posted by Thom Holwerda on Mon 20th Oct 2008 15:58 UTC
IconHere at OSNews, we use a moderation system where your peers rate your comments, and where the OSNews staff rarely intervene. This system was put in place after realising that the editorial moderation was failing miserably; it had become too much work. Sifting through ten reported comments a day is one thing, sifting through 100 of them each day is another. The result was that editorial moderation had become willy-nilly, which led to understandable user frustration, and pointless email rants back and forth between users and staff members (mea culpa). The answer to this problem turned out to be a two-step process: banning anonymous commenting, and our peer moderation system. While the moderation system has its flaws, it has exceeded all of our expectations in making sure that our comments' sections are free of spam, and relatively fun to read. Still, we realise problems exist, but we also see a lot of misinformation floating around. The treat we have in store for you today will help in fixing some of that.

Because of our moderation system, we have access to a wealth of information regarding how our users moderate, what they moderate, and who they moderate. Obviously, we admins have access to that information via OSNews' backend, but you guys didn't get to see any of that information. A few days ago, we decided to change that, and create a page full of statistics regarding moderation, commenting, users, and stories. You can find it at osnews.com/statistics/.

Let's walk through some of these figures. It's good to see that there are three times as many "up" votes as there are "down" votes - meaning most comments are actually rated positive. This reflects upon the average comment score, which is 1.77, and only 13500 comments are rated below 0. Some people claim that down-modding affects the flow of comments in a negative fashion, but from the figures we can deduct that only 0.01% of the total amount of comments falls below the average view threshold, which means that there are very, very few 'broken' comment threads.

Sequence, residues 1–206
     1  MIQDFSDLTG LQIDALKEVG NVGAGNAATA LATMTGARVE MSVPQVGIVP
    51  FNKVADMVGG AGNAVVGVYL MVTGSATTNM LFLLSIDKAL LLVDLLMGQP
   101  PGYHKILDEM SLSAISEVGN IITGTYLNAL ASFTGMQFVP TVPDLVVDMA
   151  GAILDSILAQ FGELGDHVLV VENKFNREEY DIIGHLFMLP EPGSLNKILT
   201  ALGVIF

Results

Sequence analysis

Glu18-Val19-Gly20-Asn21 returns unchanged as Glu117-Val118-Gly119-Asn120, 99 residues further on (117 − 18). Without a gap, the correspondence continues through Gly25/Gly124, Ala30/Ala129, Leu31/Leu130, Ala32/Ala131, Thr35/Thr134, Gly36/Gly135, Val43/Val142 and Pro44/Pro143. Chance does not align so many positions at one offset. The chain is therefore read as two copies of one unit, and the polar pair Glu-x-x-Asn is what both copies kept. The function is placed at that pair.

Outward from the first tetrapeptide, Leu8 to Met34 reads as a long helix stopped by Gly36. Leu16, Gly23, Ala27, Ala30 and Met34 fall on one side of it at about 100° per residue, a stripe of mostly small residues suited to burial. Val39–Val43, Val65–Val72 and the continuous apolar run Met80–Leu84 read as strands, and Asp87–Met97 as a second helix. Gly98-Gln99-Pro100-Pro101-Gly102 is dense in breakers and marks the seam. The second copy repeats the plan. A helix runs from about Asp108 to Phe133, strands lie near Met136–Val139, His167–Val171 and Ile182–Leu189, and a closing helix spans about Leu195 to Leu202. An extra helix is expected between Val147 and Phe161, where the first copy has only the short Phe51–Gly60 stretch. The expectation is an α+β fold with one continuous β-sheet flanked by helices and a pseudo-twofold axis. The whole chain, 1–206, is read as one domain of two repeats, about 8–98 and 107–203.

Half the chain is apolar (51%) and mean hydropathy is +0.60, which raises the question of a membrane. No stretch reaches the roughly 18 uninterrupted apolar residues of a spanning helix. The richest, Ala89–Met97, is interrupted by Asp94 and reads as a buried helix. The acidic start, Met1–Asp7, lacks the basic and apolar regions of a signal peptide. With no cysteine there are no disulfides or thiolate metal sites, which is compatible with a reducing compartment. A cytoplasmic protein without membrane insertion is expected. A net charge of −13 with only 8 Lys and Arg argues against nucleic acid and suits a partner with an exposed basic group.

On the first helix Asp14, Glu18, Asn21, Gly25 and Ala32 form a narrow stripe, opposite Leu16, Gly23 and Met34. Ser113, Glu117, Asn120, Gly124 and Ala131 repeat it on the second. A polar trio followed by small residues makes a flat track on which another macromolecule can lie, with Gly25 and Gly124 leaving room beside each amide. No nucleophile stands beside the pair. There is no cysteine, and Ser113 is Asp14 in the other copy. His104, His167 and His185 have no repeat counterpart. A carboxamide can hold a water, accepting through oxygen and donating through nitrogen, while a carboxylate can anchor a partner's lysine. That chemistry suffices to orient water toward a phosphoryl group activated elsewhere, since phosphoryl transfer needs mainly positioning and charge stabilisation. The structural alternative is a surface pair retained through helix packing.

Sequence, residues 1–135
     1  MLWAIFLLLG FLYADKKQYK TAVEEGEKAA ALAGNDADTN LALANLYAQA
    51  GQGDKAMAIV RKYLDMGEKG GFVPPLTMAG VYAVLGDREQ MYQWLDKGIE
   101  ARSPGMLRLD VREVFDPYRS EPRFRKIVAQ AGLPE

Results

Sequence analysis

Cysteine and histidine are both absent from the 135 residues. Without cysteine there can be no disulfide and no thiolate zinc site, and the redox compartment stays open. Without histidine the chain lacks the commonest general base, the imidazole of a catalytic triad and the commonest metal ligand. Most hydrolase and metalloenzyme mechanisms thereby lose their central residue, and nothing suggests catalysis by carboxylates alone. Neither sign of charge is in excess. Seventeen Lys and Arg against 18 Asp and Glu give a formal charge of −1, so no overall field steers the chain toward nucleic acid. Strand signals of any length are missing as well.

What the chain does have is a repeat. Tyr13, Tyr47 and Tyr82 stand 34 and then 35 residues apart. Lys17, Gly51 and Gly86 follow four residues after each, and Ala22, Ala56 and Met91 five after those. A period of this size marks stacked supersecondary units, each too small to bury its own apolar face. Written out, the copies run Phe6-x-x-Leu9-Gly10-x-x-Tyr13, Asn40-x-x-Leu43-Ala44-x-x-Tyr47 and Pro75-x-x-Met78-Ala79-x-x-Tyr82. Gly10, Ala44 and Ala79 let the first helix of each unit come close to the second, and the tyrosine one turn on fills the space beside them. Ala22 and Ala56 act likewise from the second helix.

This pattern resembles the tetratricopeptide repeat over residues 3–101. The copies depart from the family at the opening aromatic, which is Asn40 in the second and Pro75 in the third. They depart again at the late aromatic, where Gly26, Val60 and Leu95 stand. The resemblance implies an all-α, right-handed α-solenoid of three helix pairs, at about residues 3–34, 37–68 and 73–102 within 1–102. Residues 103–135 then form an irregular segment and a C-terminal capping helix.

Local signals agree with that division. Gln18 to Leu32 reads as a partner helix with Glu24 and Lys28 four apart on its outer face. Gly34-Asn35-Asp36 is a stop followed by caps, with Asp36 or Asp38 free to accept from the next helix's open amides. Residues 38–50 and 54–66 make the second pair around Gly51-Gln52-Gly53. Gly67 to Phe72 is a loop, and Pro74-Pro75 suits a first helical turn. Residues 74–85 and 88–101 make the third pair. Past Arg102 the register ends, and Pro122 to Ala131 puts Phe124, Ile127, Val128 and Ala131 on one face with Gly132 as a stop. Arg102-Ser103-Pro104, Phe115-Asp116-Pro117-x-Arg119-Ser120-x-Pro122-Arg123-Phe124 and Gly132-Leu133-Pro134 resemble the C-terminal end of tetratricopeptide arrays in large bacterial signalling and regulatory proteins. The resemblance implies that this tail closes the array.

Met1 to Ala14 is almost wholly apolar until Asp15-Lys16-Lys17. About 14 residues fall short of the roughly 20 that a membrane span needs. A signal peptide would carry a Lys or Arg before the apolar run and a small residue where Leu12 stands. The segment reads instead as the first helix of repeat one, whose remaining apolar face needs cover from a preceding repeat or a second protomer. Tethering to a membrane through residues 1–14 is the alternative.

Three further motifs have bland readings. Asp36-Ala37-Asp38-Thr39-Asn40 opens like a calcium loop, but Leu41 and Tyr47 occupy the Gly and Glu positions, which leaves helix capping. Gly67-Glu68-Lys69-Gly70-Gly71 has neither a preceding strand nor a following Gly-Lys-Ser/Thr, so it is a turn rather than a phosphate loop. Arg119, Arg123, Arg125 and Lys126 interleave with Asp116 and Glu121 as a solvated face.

Often, the OSNews staff gets accused of heavy-handed moderation, heavily influencing the comment and trust scores of users. As you can see in the figures, this is absolute bogus. All admin moderation together accounts for only 0.79% of the total amount of moderation points given. Limiting the OSNews staff to David, Eugenia, Adam, and myself, it means that each of us only account for 0.197% of total moderation points given. Also interesting is to see how many comments we actually removed (designated as "invisible" - we can't actually remove comments) - 578. Of a total of 730000 comments. That's 0.08%. The conclusion we can draw from this is that the influence of the staff on the moderation system is not even remotely significant.

I also want to say a few words about the little tantrum OSNews user kaiwai placed in our conversations section. As it turns out, he was indeed systematically moderated down by two people - which sucks balls. However, the interesting thing here is that this blatant abuse actually showed how well the moderation and trust systems work: despite systematic downmodding, kaiwai's trust rate was the third highest of all our users - the abuse didn't affect him at all. Trust rates are calculated using all sorts of fancy algorithms (Adam knows all about those), and among other things, it shields users from this kind of abuse. The key here is to not be blinded by the scores of your individual comments - you have to look at the bigger picture.

Rests me to say that we are always tweaking our moderation system and the algorithms at work, and of course, there's still enough area to improve. Suggestions are always welcome, and if you would like to see a certain statistic added to the new statistics page, drop us a comment or email.

e p (3)    96 Comment(s)

Technology White Papers

See More